I guess we can't change the government owned parks, they are all just following orders to be very unaccommodating to everyone so no one feels left out.  After all, this place is so spectacular, they don't have to appease us.

We didn't get back to the site until almost 9pm and I am sure Joy and Gary were starving by then.  I had volunteered to make dinner again so they waited for us to eat.  When we pulled in Pat stayed outside to fill them in our adventurous day and I went straight to the kitchen.

Within a few minutes I had a huge steak burrito ready for all of us and Joy and Gary supplied the toppings.  Boy what a great time we have had with these two.  They are so easy going and laid back that our time together went just too fast.

We all agreed that we would hook up in either Montana or Wyoming for a replay of the weekend.  Next park however, we will go online ahead of time so we don't have to be so unorganized next time we meet.

Friday June 6th

I slept until almost 9am this morning which was great.  I know that we have to move by noon so we hung out at the camp site just sharing some stories with Joy, Gary and Joshua. 

I thought it was a pain in the butt to tighten down all of our hatches but traveling on a Harley with 6 months worth of supplies is much more work.  When we all moved yesterday we helped them out by loading all of their things into our camper so they didn't have to deflate their air-mattress and find a spot for everything.

This morning I saw how much work it really is.  It took them a good hour straight of packing up before they were ready to go.  They said they are used to it and don't mind it at all.  I guess that is the same way we are when it comes to becoming accustomed to calling the camper home.

Today is a catch-up on the site day and go through all of the photos.  I would have never imagined how much work that keeping this web site updated and interesting is.  At least we will be able to look back on the site and remember all the things that we have seen during this fabulous journey.

We parked ourselves in the day use area again and hoped that we wouldn't be asked to move.  We just found out that if one has the Access Seasonal Pass that it is only $10 to stay here instead of the $20 we've been paying.  No one offered this information when we checked in, we found it out online.

So I guess they owe us a night or two since we have been paying $20 a night since we've been here.  I have always wondered why people plan so far ahead of their vacations if they have an RV, but it's all making sense now. 

Saturday June 7th

Pat rode his bike this morning to the Ahwahnee Hotel so that he could upload the web site.  I told him I would walk the dogs up so they could get some exercise then I would pay our monthly bills on line when he was finished.

Of course with my stellar sense of direction, I went the wrong way around the loop and ended up adding about 2 miles to my trip.  We did make it to the Ahwahnee though and couldn't find Pat.  He was apparently in a different spot then where we were last time since a wedding was going on in the room we were in.

I can only imagine what a wedding would cost in this place considering the cost of our two drinks.  By the time we got to the Hotel, the dogs were worn out anyway, so we just sat by the bicycle until Pat came out.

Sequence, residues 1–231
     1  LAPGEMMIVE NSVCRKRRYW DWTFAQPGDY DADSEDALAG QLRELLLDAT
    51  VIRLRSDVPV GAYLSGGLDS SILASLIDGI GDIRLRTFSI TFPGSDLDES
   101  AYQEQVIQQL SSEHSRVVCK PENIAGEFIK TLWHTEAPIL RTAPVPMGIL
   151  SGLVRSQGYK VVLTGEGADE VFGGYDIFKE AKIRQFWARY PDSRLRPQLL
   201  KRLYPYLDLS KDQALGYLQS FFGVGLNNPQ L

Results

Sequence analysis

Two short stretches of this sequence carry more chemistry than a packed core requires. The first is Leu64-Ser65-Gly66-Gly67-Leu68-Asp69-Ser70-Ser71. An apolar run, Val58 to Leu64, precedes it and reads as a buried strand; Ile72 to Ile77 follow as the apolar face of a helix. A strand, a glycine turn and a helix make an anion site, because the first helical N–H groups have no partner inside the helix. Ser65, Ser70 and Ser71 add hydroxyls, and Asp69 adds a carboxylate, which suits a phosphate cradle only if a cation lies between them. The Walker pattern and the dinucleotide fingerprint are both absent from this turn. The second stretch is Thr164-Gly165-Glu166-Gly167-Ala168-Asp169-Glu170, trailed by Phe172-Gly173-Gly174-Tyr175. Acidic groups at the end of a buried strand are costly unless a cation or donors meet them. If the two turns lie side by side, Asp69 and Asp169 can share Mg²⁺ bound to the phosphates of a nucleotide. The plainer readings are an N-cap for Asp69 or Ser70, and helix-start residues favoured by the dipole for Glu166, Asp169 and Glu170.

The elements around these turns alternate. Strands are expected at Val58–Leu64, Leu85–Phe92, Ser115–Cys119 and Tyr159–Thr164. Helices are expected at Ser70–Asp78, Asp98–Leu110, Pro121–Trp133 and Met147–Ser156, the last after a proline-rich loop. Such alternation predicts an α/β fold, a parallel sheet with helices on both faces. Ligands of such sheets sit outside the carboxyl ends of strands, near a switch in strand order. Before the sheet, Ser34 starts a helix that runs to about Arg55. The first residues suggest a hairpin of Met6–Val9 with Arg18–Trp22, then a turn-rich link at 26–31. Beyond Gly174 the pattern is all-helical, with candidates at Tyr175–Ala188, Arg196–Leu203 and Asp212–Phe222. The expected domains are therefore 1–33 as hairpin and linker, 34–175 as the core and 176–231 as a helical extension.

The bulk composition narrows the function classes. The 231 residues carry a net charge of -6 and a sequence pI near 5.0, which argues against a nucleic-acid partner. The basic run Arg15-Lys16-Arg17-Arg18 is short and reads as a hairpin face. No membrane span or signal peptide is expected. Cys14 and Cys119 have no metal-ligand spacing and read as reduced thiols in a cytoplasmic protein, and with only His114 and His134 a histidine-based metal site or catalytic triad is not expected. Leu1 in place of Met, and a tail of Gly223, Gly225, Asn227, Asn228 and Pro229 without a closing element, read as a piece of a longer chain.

The rest of the day was spent preparing for our big hike tomorrow which we were both excited about.  We have decided just to stay put in the Day Use area until they kick us out.  Besides, like Pat said, "we're only sleeping here for a few hours each night."

Sunday June 8th

Early rises this morning so we don't have to climb the Yosemite Trail in the dark.  Pretty much everything was already packed up except for sandwiches, and PB&J's are really quick.

I took the dogs for a long walk since we knew they would be in the camper for at least 8-10 hours today.  We caught the free trolley to the trail head and had begun hiking by 9:30am.

Before we left, Pat and I both weighed our packs to see how much extra weight we had.  Pats was about 32 pounds which would go down the more we ate and drank and mine was about 20 pounds which I held most of the water, so the weight would also go down as the day went on.

Our hike today was approximately 2700 feet above the valley floor, over looking the tallest waterfall in North America, Yosemite Falls.  The brochure said plan on 6-8 hours, but with photos, we always add on a few more.

We also hiked an extra mile at the end of the trail to continue up to Yosemite Point overlook.  Adding the miles up we figured we hiked 9.4 miles today up what seemed like hundreds of switchbacks made from large granite boulders placed to alleviate erosion. 

The higher we got, the harder it was to breath since we were actually about 7,000 feet above sea level.  Pat and I both got a kick out of the attire that some people were wearing.

Many were in hiking boots, but most were in tennis shoes which I can see wearing.  Then we even saw quite a few people in dress shoes.   Women wore slides with no arch or ankle support and some guys had on their Sunday morning dress shoes to hike in. 

Maybe I'm just a klutz, ok, I am a klutz, but so many times I stepped on a rock wrong and I was very thankful for the ankle support of my stiff hiking boots.  I don't want to be limping around again like Pat is now or like I was in Mexico.  Both times it was from landing wrong and we both had on tennis shoes.

This was no easy hike either.  I can't count how many people that we saw slip and fall, some of them more than once due to the steep grade of the trail and the slippery, granite sand that was covering it. 

My biggest shock was when we saw a family of four half way up the almost 4 mile trail with no water or anything to eat.  They were going up at 6:00pm which meant they would come back in the dark with no supplies.